– The “Lehman moment”… could it happen again? – The finance industry is infested with moral hazard – Even more moral hazard today sowing seeds of next crisis – “Next crisis will not look the same as the 2008 crisis”
Protestors hold signs behind Richard Fuld, Chairman and Chief Executive of Lehman Brothers Holdings after its collapse led to the last global financial crisis. REUTERS/Jonathan Ernst/File Photo
A decade ago this week, in the US, the government had just nationalised government-sponsored mortgage lenders Fannie Mae and Freddie Mac.
In the UK, the then-chancellor, Alistair Darling, had, at the tail-end of August, given The Guardian one of the most honest interviews ever given by a serving Cabinet minister, in which he warned that we were facing the worst financial crisis in 60 years.
In short, we all knew things were turning bad.
But the full-on tipping point came with the demise of Lehman Brothers, which was barrelling towards the end of its existence.
This week, ahead of the tenth anniversary of the “Lehman moment”, we’re going to be looking at what happened, what’s changed, and whether it could happen again.
Today I want to start with one of the most important concepts you have to understand in order to grasp what went on.
That’s a phenomenon with the rather curmudgeonly name of “moral hazard”. The finance industry is infested with moral hazard The notion of moral hazard originated in the insurance industry. It’s a very simple concept. It refers to the danger that if someone is insured against a loss, then they won’t take the necessary steps to prevent that loss from happening in the first place.
So, used more widely, moral hazard is what you get when an individual’s actions are divorced from their consequences. Or as Paul Krugman (loosely paraphrased) puts it, it’s when you take the risk, but someone else bears the cost.
This one notion explains why the entire financial crisis happened.
Human beings respond to incentives. If you pay them to take risk and shield them from the lion’s share of the consequences, then you will get a system that skews towards careless risk-taking.
Let’s start with the finance industry. The finance industry runs almost entirely on Other People’s Money (OPM). That creates an immediate problem. The finance industry likes to present itself as a steward of OPM, from institutional investors to individuals. Instead, it more often cares about getting as big a chunk of that OPM as it can. The more it has, the more fees it can extract from it.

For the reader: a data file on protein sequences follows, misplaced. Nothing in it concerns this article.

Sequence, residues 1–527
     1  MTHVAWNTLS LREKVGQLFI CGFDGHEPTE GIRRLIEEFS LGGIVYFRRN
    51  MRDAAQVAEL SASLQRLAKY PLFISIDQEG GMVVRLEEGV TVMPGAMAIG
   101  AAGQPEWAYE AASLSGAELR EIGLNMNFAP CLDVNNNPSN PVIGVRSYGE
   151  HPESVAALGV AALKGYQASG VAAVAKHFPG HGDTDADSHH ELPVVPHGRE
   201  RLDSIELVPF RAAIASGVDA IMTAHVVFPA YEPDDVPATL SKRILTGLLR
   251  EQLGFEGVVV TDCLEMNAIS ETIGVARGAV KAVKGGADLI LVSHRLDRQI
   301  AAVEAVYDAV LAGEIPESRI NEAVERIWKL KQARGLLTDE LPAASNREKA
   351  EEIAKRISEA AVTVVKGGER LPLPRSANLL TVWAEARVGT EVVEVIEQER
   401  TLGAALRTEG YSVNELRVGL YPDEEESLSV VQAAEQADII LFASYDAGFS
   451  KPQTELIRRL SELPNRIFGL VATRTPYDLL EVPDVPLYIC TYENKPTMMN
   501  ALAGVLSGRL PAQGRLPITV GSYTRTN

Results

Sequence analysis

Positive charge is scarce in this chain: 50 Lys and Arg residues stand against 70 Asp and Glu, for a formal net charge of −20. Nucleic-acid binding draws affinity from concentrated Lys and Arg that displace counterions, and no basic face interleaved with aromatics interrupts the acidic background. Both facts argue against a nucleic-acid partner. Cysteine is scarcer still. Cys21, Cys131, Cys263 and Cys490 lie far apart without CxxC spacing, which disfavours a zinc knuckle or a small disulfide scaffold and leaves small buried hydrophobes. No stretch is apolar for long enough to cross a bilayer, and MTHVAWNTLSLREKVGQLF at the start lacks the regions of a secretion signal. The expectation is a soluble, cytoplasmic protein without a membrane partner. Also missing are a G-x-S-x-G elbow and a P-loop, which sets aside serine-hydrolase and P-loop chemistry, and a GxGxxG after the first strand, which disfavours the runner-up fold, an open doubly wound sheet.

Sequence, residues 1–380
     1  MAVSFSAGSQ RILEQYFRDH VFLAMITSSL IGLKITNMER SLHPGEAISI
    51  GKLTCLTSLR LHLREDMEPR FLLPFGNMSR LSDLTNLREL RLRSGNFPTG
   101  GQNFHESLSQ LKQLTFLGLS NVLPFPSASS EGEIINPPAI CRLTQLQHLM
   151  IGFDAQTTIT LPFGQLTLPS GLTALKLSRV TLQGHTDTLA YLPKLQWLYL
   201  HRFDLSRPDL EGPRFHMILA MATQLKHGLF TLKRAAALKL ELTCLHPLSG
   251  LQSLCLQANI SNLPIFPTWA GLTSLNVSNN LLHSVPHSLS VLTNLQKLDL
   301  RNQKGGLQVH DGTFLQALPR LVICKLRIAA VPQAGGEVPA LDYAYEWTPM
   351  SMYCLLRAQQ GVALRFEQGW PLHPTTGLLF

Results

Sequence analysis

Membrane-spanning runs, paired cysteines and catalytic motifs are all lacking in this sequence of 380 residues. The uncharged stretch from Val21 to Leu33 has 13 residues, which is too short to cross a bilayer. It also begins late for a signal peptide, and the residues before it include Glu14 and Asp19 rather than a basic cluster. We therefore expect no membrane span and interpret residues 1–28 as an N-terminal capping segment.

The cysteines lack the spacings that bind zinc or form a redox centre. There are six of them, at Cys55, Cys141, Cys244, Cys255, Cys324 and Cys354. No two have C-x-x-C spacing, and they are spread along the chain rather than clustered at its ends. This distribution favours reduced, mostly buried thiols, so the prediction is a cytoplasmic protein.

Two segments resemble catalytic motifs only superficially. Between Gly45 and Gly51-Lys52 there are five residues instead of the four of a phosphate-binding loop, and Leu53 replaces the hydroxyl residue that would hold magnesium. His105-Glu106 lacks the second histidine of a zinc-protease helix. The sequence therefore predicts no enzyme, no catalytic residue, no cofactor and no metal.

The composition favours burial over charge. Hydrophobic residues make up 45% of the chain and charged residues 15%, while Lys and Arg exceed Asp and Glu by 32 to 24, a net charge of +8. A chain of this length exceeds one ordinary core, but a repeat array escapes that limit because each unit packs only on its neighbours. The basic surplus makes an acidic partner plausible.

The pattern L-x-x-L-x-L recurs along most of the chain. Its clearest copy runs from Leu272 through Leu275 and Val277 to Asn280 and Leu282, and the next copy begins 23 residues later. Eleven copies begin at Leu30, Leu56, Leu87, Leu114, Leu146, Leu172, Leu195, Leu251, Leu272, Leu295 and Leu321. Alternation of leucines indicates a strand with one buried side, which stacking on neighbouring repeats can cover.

That incentivises the creation of complicated, fee-heavy products. It incentivises the expansion of balance sheets. It incentivises short-term behaviour.
And it incentivises careless expansionism, because caution is penalised if you are trying to win business in a “race to the bottom” environment – note that financial industry whistleblowers were fired or victimised in most cases ahead of the financial crisis.
“Career risk” – whereby falling behind your peers in a booming market means getting fired – militates against a more balanced approach. And a lack of genuine “skin in the game” – investing with your own money – means that the finance industry gets the upside with very little of the downside.
If you get paid a life-changing sum on an annual basis then does it matter if you get fired and the value of your shares collapses? Not really.
As Jimmy Cayne, the bridge-playing, dope-smoking ex-CEO of Bear Stearns, put it to finance writer William D Cohan, on the consequences for him of the financial crisis: “The only people [who] are going to suffer are my heirs, not me… Because when you have a billion six and you lose a billion, you’re not exactly, like, crippled, right?”
You can dismiss some of that as the macho bravado of a wounded Wall Street ego. But the basic point is true.
Ex-Lehman Brothers CEO Dick Fuld might cry himself to sleep every night, mourning his lost reputation (I don’t think he does, by the way, although it clearly still rankles with the man), but he’s crying himself to sleep on a big golden pillow.
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